Three edc for summer, sort of
The standard Eaux de Cologne* seem like an obvious choice for summer. Citric, bright, refreshing. They don’t have a lot of duration, but they’re a break from the heat and cast a spell of cleanliness long enough for a first impression if you move very quickly. The traditional EdC is the most democratic of genres. The difference between the $8 bottle of EdC and the $200 bottle is minimal and you can get a bottle at the corner bodega or the nearest Chanel boutique.
Most perfume brands have at least one offering in the genre. The pricier lines have been taking two additional approaches to gain a greater foothold in the market. The first is to keep the general shape, but replace the citrus with either another fruit or a vegetal note (see Christine Nagel’s Eau de Rhubarbe Escarlate and Jean Claude Ellena’s Eau de Gentiane Blanc, both for Hermès). The other is the Faustian deal: the immortal cologne. Try Dominique Ropion’s Cologne Indelible for Frédéric Malle or Eau de Néroli Doré for Hermès, also by Ellena.
There’s another choice. Skip the Eau de Cologne genre and embrace the eau de cologne concentration. I’m wearing three vintage edc this summer. They work with the heat rather than battle it. They’re *not* fresh.
Starting with the fragrance closest to the cheery spirit of the Eau de Cologne and then moving outward:
Carven Ma Griffe (Jean Carles, 1946) , a green, floral-aldehydic chypre, makes an opening bid similar to an Eau de Cologne’s. It’s bright and smiling, and the bergamot topnote seems as sparkly as as the lemon/lime/petitgrain/what-have-you of an EdC. Pretty quickly, though, the mossy powderiness seems like it’s hiding something a little shady. It’s all so delicate and brief as to be nearly a secret and five minutes in, Ma Griffe edc is almost subliminal. What’s left is a light powder-dusted wood and a glow of sweat. The rounded drydown matches an EdC’s muskiness and of this trio, Ma Griffe is the nearest thing to a head-to-head alternative to an EdC. Ma Griffe’s timeframe is also closest to a traditional EdC and is the sort of fragrance that would need to be refreshed throughout the day if you want persistence.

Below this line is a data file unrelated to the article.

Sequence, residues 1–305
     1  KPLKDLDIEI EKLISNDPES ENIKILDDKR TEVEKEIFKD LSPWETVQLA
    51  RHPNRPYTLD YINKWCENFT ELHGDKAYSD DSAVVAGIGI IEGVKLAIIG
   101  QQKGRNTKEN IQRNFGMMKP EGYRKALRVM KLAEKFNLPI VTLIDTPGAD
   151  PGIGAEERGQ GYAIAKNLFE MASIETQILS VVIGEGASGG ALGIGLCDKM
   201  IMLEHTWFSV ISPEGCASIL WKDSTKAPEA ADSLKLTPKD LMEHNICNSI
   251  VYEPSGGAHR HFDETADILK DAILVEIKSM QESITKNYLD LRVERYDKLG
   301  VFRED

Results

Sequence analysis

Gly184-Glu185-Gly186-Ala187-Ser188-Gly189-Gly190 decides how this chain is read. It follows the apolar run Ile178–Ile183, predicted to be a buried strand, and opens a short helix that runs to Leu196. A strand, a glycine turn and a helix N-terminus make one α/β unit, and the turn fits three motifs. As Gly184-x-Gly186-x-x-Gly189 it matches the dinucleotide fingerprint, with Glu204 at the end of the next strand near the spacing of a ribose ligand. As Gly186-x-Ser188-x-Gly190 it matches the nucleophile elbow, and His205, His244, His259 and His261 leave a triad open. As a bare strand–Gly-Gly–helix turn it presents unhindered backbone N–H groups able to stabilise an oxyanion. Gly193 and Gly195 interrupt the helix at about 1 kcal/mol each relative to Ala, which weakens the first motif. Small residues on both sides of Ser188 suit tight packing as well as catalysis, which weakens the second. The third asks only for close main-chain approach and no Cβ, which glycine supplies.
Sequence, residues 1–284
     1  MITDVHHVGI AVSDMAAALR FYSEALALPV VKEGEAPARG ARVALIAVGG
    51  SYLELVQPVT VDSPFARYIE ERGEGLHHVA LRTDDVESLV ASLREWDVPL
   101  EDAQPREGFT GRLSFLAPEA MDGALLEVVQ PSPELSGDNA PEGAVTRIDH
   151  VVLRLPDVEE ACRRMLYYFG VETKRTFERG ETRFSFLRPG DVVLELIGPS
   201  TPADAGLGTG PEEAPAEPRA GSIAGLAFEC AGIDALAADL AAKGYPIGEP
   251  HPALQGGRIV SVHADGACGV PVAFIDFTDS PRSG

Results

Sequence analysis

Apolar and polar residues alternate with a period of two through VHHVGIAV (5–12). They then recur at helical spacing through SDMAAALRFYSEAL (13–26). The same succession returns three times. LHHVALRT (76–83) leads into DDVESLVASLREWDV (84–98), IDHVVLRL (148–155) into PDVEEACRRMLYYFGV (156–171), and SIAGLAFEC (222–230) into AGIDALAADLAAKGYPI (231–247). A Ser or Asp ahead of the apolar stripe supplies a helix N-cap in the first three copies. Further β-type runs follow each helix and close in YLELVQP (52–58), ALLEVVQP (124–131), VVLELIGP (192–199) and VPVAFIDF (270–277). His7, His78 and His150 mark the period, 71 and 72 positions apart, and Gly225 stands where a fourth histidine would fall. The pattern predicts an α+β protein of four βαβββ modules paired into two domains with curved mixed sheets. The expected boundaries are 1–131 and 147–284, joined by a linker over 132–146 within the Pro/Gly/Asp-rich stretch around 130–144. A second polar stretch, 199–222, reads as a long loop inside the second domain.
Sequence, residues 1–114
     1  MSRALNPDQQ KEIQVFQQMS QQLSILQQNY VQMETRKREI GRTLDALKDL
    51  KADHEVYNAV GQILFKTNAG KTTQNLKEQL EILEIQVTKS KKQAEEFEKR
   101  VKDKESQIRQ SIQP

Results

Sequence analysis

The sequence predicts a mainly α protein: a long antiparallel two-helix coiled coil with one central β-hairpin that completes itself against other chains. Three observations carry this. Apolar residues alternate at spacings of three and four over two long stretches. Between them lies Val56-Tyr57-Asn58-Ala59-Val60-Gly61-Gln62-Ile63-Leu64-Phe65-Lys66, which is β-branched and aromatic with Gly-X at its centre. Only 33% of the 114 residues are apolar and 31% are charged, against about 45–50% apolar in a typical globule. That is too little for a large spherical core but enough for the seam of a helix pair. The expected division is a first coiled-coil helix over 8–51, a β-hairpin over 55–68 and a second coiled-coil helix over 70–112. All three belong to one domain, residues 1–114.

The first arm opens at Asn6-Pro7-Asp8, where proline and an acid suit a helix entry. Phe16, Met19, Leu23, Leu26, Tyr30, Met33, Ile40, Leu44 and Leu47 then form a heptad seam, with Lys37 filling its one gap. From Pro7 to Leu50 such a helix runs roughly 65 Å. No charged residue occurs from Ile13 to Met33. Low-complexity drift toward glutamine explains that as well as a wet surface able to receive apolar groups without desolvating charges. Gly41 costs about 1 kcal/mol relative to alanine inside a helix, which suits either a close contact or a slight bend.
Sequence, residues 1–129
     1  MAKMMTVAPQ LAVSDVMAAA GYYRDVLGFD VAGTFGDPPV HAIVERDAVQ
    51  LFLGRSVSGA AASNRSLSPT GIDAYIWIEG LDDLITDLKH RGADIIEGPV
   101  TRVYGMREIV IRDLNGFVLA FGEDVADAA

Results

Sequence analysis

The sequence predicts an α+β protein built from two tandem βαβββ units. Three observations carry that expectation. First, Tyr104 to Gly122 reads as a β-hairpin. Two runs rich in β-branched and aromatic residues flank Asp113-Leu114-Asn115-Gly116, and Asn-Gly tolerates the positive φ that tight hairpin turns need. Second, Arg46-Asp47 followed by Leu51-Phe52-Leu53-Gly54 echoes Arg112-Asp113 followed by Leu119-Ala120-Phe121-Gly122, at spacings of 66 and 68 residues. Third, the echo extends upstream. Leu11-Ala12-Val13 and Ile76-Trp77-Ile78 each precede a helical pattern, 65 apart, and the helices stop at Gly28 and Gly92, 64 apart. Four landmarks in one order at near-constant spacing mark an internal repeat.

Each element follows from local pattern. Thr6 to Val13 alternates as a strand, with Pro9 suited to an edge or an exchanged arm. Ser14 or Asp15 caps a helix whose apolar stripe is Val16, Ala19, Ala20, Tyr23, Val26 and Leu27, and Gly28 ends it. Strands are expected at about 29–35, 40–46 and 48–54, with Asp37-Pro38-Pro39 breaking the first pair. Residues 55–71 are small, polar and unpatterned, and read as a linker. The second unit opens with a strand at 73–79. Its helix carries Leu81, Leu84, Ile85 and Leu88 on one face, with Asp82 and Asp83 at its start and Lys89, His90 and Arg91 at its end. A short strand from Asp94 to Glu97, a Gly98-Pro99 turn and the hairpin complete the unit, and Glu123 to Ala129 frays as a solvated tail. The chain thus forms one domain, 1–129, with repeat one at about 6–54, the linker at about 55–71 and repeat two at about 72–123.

A vanillic-amber, in fact, the ‘reference’ oriental, might seem like an odd choice to replace the fragrance equivalent of a smily-face, but Guerlain Shalimar is sensational in the summer. Other concentrations of Shalimar (Jacques Guerlain, 1925) are dense, sweet and smoky. The edc has a bit of sweetness but it’s balanced by the tartness and resinousness of raw bergamot. It’s a little smoky and a lot animalic. It hits the scene with growling sillage and settles to a purr at a deliberate pace. The edc doesn’t doesn’t have quite the endurance of the other concentrations of Shalimar, but it’s not far off. Emphasizing the animalism makes Shalimar edc sink into the skin with a plainspokenness that the other concentrations lack. It’s not transparent by a longshot, but it’s not tightly-wound either. Splash this stuff on out of the shower at the end of the day and you’ll have a better life.
If Shalimar edc growls and purrs, Christian Dior Miss Dior snarls A buttery, floral-animalic chypre, Miss Dior (Jean Carles, 1947) is known best for its eau de toilette and extrait, but like Guerlain, Dior knew how to make a wicked edc. Even in lighter concentration the signature animalc growl is recognizable in an instant. Lightening the concentration while toning down the florals makes a less powdery but equally ferocious fragrance. This is exactly what people are referring to when they talk about the great animalic perfumes of the mid-twentieth century. It wears beautifully in the heat and signals a confidence that a ‘fresh’ perfume never will.
Vintage versions of these eaux de cologne from the 1960s-1980s are available with minimal fuss on eBay. They can be found boxed and unopened in excellent condition and at prices less per ounce than Eaux de Cologne from Guerlain, Chanel, Malle and Hermès. (Caveat: I’ve found that Ma Griffe doesn’t age quite as well as either the Guerlain or the Dior. The shape of the edc is legible and intact, but it is more fleeting, suggesting that it is not quite its former self.) I offer these three classics as an alternative to the sunny Eau de Cologne, not a point of comparison. They have an entirely different make-up than the citric-musky EdC, different goals. If you love the zest of an EdC and find it a winning strategy in a hot climate, this trio won’t sway you. But if there’s a doubt, you just might be seduced.
* For clarity’s sake, I’ll refer to the light citric genre as Eau de Cologne (EdC) and the concentration of a fragrance as eau de cologne (edc.)